Gap down big, LinkedIn up bigger. The Prince in our house and Strauss-Kahn out of the big house. Here's what we're watching…
Party like it's 1999: LinkedIn will be hard-pressed to duplicate Thursday's trading session. Even so, plenty of eyeballs are focused on the social network following its gangbusters debut. When the dust settled, LinkedIn closed up a whopping 109%. Enough of an impression was made to spark wonder of a new tech bubble. Whatever the answer, there's no question about the tremendous wealth creation born out of the new internet landscape. What's on Mark Zuckerberg's mind?
Strauss-Kahn in the City: Following his resignation from the top post at the IMF Thursday morning, Dominique Strauss-Kahn found himself in court that afternoon to make his case for bail provisions. He succeeded, resulting in his release from prison subject to onerous bail terms. Of course, the good news is limited for Mr. Strauss-Kahn, as the hearing also revealed his indictment on the previously disclosed criminal charges.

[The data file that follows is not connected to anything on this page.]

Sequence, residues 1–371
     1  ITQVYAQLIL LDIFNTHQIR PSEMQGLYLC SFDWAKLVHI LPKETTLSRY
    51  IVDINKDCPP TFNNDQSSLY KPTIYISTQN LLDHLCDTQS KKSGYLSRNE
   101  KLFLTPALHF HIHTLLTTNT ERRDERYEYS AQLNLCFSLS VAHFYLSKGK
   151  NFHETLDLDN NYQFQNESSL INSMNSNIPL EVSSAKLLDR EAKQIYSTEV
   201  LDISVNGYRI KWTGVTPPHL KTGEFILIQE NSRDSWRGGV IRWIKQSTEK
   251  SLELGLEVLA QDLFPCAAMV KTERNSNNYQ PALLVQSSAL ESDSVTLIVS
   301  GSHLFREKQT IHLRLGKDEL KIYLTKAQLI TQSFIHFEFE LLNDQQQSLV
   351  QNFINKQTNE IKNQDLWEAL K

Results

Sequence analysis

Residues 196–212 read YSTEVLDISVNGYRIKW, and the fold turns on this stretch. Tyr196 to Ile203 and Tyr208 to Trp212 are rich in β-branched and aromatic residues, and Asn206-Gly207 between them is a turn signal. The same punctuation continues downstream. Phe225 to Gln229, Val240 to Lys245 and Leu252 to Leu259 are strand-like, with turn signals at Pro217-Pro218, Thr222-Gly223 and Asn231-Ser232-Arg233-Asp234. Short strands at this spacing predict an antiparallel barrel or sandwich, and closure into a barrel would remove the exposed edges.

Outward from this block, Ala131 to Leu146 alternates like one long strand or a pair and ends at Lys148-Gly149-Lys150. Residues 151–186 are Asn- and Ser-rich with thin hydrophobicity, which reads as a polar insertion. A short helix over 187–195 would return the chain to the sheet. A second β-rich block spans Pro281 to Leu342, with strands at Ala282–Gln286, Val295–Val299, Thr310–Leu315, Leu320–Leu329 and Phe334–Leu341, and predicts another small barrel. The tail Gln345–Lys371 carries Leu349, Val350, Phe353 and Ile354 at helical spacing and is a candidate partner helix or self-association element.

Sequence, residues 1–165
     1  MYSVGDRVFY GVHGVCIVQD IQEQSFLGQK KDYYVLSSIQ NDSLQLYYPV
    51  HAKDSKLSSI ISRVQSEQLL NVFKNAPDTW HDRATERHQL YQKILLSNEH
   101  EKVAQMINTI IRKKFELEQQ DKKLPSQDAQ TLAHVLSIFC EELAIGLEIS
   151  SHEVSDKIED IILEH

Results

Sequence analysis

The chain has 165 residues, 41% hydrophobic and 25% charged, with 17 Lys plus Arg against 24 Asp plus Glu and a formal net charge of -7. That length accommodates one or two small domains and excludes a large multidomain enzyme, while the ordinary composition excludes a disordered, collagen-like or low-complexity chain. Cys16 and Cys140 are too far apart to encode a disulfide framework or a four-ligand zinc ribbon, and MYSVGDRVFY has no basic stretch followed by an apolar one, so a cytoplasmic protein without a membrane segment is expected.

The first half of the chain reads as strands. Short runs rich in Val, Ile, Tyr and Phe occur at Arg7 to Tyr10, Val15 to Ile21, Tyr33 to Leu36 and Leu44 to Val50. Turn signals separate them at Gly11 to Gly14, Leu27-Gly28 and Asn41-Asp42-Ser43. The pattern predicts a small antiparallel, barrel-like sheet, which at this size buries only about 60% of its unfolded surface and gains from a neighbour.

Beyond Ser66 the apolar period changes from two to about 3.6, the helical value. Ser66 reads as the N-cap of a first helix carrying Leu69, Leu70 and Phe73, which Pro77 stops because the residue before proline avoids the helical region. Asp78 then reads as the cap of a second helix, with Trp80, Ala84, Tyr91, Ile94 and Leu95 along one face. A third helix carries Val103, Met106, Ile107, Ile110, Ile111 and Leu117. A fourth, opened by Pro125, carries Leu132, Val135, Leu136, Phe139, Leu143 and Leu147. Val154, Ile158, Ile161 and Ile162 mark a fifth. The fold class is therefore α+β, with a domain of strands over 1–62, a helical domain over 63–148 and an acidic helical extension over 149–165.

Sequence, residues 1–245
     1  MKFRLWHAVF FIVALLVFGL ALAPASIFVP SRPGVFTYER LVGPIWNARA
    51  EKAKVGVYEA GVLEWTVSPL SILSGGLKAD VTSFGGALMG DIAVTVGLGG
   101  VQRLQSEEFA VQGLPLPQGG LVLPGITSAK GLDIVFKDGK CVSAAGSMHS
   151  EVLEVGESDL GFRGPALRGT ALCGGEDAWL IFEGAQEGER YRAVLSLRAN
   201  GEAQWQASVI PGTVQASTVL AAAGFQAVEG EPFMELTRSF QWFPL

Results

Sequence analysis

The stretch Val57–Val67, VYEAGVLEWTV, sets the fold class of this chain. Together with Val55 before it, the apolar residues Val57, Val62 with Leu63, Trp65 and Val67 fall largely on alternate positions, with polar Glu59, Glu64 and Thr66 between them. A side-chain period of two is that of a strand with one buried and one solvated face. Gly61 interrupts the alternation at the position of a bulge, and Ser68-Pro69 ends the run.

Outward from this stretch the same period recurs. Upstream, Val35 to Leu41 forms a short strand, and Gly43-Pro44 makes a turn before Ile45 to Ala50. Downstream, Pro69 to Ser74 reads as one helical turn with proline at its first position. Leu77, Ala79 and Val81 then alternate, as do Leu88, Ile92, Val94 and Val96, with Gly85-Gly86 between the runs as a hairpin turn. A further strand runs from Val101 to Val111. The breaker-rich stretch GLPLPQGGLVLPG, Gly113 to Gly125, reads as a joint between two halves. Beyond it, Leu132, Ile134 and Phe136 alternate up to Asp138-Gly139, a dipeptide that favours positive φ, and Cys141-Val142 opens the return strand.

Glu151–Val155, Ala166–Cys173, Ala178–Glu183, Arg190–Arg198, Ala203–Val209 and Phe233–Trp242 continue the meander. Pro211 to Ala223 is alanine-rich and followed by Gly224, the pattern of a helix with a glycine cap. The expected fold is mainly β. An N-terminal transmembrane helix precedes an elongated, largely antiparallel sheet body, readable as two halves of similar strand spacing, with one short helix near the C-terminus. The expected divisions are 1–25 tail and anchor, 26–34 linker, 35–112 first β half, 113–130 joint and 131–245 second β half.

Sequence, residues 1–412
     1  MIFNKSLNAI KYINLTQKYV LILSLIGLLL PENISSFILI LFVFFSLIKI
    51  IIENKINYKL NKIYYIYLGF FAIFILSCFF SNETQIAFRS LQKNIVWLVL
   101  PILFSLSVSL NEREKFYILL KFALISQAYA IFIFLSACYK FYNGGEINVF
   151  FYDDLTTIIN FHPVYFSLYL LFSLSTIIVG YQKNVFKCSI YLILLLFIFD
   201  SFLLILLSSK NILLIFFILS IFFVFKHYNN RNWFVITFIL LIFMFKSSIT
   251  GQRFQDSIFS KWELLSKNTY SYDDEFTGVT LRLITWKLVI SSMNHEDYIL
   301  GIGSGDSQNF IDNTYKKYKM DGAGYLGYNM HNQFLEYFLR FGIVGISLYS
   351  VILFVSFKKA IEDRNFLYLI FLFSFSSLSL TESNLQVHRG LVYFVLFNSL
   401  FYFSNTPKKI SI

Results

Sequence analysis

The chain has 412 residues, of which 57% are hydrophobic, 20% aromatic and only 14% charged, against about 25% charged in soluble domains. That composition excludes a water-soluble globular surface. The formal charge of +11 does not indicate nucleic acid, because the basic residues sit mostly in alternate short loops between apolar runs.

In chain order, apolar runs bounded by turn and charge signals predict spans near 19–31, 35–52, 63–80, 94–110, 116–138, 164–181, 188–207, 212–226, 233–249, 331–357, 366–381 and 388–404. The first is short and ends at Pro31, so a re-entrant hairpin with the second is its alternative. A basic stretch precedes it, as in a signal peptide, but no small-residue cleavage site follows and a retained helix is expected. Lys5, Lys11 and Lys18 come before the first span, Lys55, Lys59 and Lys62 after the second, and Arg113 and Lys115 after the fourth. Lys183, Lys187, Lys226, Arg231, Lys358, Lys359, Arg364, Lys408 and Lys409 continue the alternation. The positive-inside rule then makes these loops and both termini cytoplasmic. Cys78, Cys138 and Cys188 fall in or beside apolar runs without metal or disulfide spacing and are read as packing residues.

Gapping Lower: Perennial retail lagard Gap got crushed after hours Thursday. While the company's weak earnings report was enough to beat Wall Street estimates by a penny, they couldn't remove focus from dramatically lowered full-year guidance. Apparently, the much ballyhooed turnaround isn't in the cards in the coming quarters.
Following the Flood: Not to be lost in the frenzy of market news is the crest of the flooded Mississippi River, which makes way towards critical economic points in Louisiana. Despite the opening of gates at the Morganza Spillway, dramatic risk remains for major cities like Baton Rouge and New Orleans, not to mention the oil infrastructure which dots the river.
Squawking with the Prince: Legendary Saudi investor Prince Alwaleed bin Talal will sit in with the Squawk Box crew for an hour-long interview. Best known for his long-term investment in Citi as well as his unique panache, Prince Alwaleed will address everything from the global economy to the state of the markets, not to mention his view of some of Kingdom Holding Company's biggest stakes: Citi, General Motors and News Corp amongst others.